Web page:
Surfstitch accuses former CEO of revenue inflation, sells Surf Hardware International
Surfstitch has accused former chief executive Justin Cameron and industry confrere Kim Sundell of conspiring to inflate revenues and profits in the first half of 2016.
The recovering surf and apparel e-tailer told local media on Friday it had filed claims and counterclaims in the District Court of Queensland alleging that Sundell's firms, Coastalcoms and Three Crowns Investments, "were knowingly involved in, and knowingly assisted, certain alleged breaches of statutory and fiduciary duties by Mr Justin Cameron, the former CEO of the SurfStitch Group," a statement obtained by Australian Financial Review, said.
"Mr Cameron caused the company and SurfStitch Holdings Pty Ltd to enter into a contractual scheme with Coastalcoms and TCI, allegedly for the purpose of inflating the revenue and profit of SurfStitch for the first half of the 2016 financial year in a manner that contravened the provisions of the Corporations Act 2001," SurfStitch said.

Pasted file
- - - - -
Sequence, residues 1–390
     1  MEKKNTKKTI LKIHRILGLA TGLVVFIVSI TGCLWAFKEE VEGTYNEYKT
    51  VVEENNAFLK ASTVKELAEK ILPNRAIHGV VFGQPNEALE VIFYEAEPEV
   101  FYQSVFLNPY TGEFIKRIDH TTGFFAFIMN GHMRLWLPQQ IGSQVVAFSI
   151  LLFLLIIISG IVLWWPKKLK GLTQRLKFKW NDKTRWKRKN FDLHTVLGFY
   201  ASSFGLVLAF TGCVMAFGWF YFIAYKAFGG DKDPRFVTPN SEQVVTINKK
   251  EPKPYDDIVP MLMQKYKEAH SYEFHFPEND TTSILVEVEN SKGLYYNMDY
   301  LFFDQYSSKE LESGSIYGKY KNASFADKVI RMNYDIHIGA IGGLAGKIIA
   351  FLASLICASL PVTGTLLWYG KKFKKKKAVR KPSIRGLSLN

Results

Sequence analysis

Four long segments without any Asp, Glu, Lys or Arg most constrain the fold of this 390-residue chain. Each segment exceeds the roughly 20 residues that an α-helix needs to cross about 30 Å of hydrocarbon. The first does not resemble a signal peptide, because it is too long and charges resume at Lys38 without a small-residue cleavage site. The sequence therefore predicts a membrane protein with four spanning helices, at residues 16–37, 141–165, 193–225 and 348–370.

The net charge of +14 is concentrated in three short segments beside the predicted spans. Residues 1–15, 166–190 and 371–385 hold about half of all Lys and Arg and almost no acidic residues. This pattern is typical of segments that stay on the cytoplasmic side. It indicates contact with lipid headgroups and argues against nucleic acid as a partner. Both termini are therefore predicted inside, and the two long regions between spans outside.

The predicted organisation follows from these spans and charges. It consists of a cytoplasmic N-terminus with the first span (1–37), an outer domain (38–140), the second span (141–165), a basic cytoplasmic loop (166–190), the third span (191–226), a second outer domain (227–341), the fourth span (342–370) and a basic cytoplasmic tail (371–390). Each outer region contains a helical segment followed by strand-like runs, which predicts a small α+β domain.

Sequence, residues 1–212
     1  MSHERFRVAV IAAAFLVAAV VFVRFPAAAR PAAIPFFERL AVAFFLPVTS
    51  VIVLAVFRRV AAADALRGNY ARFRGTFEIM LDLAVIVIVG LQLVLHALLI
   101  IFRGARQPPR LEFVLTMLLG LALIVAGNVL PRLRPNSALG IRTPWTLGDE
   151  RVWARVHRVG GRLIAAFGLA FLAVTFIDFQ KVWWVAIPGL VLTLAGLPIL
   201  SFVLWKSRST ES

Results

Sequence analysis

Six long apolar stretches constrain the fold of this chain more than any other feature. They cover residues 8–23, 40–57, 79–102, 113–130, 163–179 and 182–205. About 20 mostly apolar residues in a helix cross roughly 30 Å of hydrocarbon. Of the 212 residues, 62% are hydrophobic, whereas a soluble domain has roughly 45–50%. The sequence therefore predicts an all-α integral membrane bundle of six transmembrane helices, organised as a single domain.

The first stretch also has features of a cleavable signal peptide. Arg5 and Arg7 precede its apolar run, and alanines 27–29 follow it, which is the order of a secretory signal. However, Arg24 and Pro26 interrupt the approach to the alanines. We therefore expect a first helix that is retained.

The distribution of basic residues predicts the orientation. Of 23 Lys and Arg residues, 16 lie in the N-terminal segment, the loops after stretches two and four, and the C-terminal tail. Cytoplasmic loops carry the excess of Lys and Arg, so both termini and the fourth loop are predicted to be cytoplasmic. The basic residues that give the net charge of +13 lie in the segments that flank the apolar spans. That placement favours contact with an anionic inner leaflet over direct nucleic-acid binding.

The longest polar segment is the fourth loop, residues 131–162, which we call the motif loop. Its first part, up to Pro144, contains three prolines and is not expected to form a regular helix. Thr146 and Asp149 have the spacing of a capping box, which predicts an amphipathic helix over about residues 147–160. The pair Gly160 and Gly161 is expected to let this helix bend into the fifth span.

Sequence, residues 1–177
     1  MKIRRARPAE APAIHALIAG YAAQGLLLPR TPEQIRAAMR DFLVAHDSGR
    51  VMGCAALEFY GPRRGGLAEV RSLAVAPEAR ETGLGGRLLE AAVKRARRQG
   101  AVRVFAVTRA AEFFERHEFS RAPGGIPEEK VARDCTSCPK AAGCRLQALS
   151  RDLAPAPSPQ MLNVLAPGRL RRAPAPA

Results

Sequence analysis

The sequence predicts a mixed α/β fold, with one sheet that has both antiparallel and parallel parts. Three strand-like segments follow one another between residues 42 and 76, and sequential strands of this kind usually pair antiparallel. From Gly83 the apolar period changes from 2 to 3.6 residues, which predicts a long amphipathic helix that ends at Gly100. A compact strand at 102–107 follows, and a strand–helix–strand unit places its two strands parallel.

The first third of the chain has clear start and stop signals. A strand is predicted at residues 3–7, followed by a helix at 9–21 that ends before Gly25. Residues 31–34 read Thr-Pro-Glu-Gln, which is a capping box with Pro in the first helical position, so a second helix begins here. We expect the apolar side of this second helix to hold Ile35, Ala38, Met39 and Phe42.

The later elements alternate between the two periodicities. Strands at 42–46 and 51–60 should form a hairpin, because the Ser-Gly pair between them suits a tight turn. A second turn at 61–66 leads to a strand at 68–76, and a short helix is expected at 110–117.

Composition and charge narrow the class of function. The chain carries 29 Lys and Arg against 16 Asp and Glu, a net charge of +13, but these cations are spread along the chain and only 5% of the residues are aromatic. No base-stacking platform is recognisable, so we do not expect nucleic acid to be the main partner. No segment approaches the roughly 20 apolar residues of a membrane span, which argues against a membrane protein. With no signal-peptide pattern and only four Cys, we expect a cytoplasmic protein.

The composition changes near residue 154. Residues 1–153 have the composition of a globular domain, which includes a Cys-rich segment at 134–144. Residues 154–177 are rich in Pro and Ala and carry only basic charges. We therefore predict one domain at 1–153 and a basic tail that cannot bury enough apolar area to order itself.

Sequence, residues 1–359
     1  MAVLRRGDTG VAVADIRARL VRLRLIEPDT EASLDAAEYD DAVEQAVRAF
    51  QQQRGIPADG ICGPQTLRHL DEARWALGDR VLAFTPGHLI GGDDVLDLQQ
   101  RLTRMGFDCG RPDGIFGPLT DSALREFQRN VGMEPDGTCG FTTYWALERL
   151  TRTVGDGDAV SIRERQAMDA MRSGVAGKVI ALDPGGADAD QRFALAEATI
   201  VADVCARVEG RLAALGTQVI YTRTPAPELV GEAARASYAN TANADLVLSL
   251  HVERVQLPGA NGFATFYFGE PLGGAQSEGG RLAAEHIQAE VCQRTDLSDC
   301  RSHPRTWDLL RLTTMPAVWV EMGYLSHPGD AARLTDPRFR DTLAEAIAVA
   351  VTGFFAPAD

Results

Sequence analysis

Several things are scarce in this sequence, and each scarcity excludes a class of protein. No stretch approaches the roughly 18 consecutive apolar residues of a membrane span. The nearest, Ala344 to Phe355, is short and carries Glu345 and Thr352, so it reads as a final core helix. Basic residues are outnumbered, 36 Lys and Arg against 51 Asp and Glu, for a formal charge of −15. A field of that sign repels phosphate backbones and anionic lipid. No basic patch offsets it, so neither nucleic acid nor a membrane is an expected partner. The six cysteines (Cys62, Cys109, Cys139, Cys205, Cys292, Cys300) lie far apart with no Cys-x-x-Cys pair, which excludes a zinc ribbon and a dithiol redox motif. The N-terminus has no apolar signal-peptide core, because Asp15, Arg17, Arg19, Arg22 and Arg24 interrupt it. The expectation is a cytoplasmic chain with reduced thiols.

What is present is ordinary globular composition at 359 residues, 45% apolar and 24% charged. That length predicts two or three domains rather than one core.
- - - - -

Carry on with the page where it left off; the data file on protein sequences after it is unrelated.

"Mr Cameron did not inform the board of the full nature of the contractual scheme nor that the arrangements were contrived to boost revenue for the first half of 2016," the company said.
As a result of this scheme, $20.3 million included as revenue in the first half of 2016 had to be reversed in the full-year accounts, contributing to SurfStitch's $155 million bottom-line loss.
Surfstitch believes Coastalcoms, Three Crowns and their directors, Kim Sundell and David Wooldridge, are liable for compensation for the loss or damage suffered as a result of the alleged breaches of statutory and fiduciary duties.
Meanwhile, Sundell is suing SurfStitch in the Queensland District Court for $15 million over a failed content deal negotiated by former-CEO Cameron, as well as proposing to take the company over and break it up.
It is understood SurfStitch is not taking legal action against Cameron, reported AFR.
However, the Australian Securities and Investments Commission is investigating SurfStitch's original disclosures of the Coastalcoms transaction and could take action against Mr Cameron if it finds evidence of wrongdoing.
In other news, SurfStitch said it sold surfboard accessories maker Surf Hardware International for $17 million to Gowings Bros Ltd, which it acquired from Crescent Capital and Macquarie Capital for $24.3 million 12 months ago.
It was part of Cameron's failed ambitions to turn SurfStitch into the Amazon Prime of the outdoor sports sector.
Cameron took a shock exit from the company earlier in the year on a series of profit slumps.
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